It is a tribute to the resilience of the United Statesâ€™ public and private institutions that, despite President Donald Trumpâ€™s incoherent management, the country has, by many measures, continued to improve, notching its lowest unemployment rate since 2000 in the latest federal employment update. But the effects of the presidentâ€™s underinformed instincts, enabled by the ideologues in his administration, are beginning to show up in some of the numbers, representing real pain that Americans are suffering for Trumpâ€™s deficient leadership. The Commonwealth Fund, a nonprofit foundation focused on health-care issues, announced last week that the rate of working-age Americans without health insurance in the groupâ€™s annual survey rose to 15.5 percent, up about three percentage points since 2016. Things are worse in the 19 holdout states, such as Virginia, that have refused to expand their Medicaid programs.
Obamacare critics regularly describe all problems as the inevitable result of a poorly designed law. But the numbers suggest that the criticsâ€™ sabotage efforts are to blame. After impressive declines during President Barack Obamaâ€™s second term, the fund found that the uninsured rate increased in both of the years Trump has been in office.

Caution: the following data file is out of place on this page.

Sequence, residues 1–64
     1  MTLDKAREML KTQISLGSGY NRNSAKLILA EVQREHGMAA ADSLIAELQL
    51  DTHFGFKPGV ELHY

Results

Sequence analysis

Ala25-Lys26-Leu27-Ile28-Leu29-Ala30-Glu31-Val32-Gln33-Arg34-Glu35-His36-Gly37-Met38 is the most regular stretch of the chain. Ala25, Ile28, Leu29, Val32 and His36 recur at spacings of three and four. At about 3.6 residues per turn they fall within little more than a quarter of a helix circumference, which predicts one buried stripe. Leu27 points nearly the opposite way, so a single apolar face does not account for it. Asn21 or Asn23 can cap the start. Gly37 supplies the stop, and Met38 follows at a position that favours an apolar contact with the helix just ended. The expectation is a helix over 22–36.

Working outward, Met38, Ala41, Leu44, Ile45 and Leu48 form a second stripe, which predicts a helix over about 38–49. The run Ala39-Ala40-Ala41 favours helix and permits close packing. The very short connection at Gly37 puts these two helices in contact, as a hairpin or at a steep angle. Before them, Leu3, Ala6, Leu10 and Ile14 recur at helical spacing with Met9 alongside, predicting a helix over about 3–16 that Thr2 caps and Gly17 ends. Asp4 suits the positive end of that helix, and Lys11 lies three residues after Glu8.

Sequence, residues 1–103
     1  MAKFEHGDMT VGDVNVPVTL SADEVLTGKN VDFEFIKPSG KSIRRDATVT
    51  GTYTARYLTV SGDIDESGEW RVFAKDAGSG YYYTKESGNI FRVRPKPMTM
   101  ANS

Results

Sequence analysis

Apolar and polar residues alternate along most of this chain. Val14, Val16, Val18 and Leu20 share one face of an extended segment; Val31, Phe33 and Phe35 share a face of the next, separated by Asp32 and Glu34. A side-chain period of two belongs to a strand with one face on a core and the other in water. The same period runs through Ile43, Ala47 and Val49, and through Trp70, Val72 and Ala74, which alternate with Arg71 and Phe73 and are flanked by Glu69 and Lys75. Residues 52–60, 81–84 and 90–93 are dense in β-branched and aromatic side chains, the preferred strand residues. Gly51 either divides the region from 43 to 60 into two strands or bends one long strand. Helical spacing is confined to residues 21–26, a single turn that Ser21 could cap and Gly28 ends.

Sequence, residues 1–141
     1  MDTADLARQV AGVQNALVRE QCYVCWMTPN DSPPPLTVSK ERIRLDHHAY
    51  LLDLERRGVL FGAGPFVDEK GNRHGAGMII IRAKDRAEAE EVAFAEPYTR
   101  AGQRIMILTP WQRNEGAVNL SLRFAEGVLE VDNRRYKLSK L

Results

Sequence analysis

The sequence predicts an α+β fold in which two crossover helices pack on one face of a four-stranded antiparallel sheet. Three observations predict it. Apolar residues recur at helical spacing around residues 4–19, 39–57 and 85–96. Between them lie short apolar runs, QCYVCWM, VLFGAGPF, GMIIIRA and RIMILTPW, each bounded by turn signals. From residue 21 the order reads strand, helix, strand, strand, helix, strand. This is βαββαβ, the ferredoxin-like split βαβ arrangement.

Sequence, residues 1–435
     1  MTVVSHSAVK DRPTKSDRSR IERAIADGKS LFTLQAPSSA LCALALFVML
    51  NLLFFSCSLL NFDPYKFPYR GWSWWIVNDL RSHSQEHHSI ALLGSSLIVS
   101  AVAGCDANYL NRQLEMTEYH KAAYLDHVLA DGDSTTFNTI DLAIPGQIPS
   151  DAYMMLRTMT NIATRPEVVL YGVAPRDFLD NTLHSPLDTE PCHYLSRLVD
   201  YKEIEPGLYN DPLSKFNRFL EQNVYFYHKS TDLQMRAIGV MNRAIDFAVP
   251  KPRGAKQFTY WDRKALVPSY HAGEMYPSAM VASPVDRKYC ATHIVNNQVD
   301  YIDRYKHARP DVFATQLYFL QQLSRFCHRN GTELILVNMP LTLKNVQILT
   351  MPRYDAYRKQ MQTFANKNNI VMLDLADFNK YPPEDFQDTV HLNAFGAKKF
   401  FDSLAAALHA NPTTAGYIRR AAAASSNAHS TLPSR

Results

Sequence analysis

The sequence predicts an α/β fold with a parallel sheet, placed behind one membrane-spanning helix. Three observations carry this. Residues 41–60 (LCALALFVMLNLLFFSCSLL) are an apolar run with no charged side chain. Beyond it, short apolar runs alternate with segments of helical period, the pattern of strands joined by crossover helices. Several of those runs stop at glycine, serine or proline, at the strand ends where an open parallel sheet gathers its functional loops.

Obamacare was never perfect. But Commonwealth Fund analysts noted that, rather than fixing the lawâ€™s problems, Republicans have done concrete things to worsen them.
Former Health and Human Services Secretary Tom Price, admitted last week that repealing the lawâ€™s requirement that all Americans carry health coverage means that â€śyouâ€™ll likely have individuals who are younger and healthier not participating in that market, and consequently that drives up the cost for other folks within that market.â€ť
States must do their best to fill gaps. They can establish reinsurance programs, impose individual mandates within their own borders and run open-enrollment advertising campaigns of their own.
The Washington Post